The first post on leadership dealt with the necessity of a principial foundation. One who would lead well must possess strong moral and ethical principles that will inform and motivate his leadership. The uppermost set of principles, it was argued, are those of the Christian faith, and the ultimate example of strong leadership is the God-man, Jesus Christ.
With that first idea in mind, we proceed to the next essential characteristic of good leadership. A good leader is courageous. There is no other alternative. In fact, it might be argued that the essential quality that separates leaders from non-leaders is courage. Think about people of strong character that you know. Then mentally divide that group into two categories: those who were leaders and those who were not. What provided the line of demarcation? I would guess that it is often this matter of courage. Some of the best men I have known were not leaders. They were high-caliber men, morally strong, and principially sound, but they did not exercise much influence on other people or direct them to a better way. They were quiet, and perhaps meek, and slow to step to the fore in a moment of dramatic necessity. What would they have been with a healthy dose of courage to match their character? One can only guess. Where they might have made a mark on history, the books of the ages record only silence on their part, and leave us alone to our speculation.
What a beautiful thing it is to see courage in action. As with all the fleshed out qualities of Christ, there is such good in seeing a man live as he ought, and everywhere stamp his life with strength and virtue. This quality does not look the same in every man. We ought to realize this right away. Some exercise a bolder, louder courage, while others communicate it with few words and simple actions. In a physical sense, there is no one way to be courageous. Emotionally, there is no one demeanor that is courageous. Want proof? Look at sports. Some lead and show strength by quiet, brave composure, others by fiery, daring fiat. Neither is better than the other. In both temperaments, though, a man shows a willingness to act, to not sit idly while other, lesser men decide the contest. A good leader of courage understands that it is his role to lead the group to safety, prosperity, wisdom, or whatever the ideal outcome may be. He acts according to the requirements of each situation, then. If his children are verbally rude to their mother, he acts swiftly to correct and counter such behavior. If his coworkers act unethically, he compassionately addresses the wrong and seeks to make it right. If his family falls on hard times, he redoubles his efforts to provide, and does not allow doubt or worry to handicap his action. If a large body of church members proposes a foolish course, he risks popularity and speaks against the course. In short, the courageous leader assesses the situation, identifies what action is necessary to overcome or succeed in it, and then puts aside concern for reputation to lead his peers in the wise way. His is not always an enviable task. But it is always a valuable one.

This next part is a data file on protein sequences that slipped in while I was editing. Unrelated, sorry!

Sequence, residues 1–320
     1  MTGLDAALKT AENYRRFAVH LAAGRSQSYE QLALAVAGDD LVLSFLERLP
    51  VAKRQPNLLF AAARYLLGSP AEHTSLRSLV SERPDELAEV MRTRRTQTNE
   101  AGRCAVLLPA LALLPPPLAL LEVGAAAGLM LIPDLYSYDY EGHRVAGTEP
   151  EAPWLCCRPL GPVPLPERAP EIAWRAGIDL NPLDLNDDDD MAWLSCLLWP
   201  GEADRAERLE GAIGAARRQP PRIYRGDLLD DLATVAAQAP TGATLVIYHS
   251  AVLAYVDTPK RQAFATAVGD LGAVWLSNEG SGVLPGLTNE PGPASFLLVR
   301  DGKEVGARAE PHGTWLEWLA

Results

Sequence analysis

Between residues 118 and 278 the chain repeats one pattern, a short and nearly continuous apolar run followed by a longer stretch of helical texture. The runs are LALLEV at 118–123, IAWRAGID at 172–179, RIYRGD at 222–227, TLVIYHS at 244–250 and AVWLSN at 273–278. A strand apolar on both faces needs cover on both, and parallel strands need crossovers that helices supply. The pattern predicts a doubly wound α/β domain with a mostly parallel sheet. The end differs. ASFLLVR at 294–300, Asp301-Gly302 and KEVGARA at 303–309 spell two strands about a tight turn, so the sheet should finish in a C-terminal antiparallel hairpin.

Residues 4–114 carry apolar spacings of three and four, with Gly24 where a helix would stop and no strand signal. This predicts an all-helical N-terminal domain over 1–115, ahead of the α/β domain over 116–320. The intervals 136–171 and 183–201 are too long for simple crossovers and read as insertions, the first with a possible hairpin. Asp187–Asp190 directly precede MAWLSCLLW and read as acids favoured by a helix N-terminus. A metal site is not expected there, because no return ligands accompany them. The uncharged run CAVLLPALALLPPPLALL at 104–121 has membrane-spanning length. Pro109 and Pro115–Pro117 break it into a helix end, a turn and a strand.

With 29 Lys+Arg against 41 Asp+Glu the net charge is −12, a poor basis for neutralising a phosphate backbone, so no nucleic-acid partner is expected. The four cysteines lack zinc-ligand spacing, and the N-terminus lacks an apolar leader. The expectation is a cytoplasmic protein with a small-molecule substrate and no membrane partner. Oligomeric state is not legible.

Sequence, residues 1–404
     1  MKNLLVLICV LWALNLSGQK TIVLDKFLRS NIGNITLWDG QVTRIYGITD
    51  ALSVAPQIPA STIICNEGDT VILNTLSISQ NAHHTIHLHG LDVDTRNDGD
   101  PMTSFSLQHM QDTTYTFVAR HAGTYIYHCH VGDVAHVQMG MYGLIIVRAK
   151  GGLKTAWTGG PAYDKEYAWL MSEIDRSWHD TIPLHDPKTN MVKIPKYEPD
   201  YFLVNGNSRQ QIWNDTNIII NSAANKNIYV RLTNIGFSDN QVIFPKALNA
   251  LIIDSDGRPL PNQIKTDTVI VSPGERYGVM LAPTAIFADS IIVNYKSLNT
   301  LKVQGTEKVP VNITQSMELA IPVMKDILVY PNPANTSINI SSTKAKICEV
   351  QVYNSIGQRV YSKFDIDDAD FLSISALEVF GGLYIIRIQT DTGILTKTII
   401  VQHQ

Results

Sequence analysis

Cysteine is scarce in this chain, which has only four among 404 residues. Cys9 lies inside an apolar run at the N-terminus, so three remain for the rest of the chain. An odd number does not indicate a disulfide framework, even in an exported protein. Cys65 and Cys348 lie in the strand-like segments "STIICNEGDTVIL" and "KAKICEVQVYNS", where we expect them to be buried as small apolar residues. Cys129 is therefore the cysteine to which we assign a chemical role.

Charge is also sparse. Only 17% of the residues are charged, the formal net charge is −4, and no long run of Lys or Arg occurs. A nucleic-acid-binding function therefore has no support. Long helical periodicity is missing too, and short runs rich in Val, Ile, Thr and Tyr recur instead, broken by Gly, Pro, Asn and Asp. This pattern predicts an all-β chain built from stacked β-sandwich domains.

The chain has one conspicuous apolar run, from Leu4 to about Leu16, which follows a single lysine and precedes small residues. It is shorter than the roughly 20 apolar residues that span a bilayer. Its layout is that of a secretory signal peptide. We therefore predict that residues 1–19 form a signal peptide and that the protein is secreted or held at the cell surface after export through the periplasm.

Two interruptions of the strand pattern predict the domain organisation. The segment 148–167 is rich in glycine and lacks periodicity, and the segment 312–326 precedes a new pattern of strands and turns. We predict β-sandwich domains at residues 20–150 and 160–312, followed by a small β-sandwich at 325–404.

In closing, a few personal words. As a young man desiring to be a leader, I love to see men lead with principled courage. I do not exaggerate, in fact, when I say that it is somewhat thrilling to see good leadership in action, and strong courage in practice. In a culture that is foolishly esteeming feminized masculinity and softshoe manliness, it is a blessing and a necessity to observe Christian men fulfilling their calling and leading their families, churches, and workplaces with courage. Every man can and should be a leader, and should boldly display his brand of courage. In so doing, he follows the example of Christ, the ultimate man of courage, whose strength of purpose and character was so strong that He took upon Himself all the wrath that God could pour upon Him to save His own. Many today celebrate a “cool” Jesus, a “buddy” who just went around passing out love, but we celebrate a man who was hated, scorned, and shamed, and who did not flinch a millimeter in the face of such opposition. To the end, He was courageous. May we think on that example throughout our days and tasks. May we of the Christian church embody it as we, like our Savior, walk through a world of fire, wind, and rain to reach the city of God.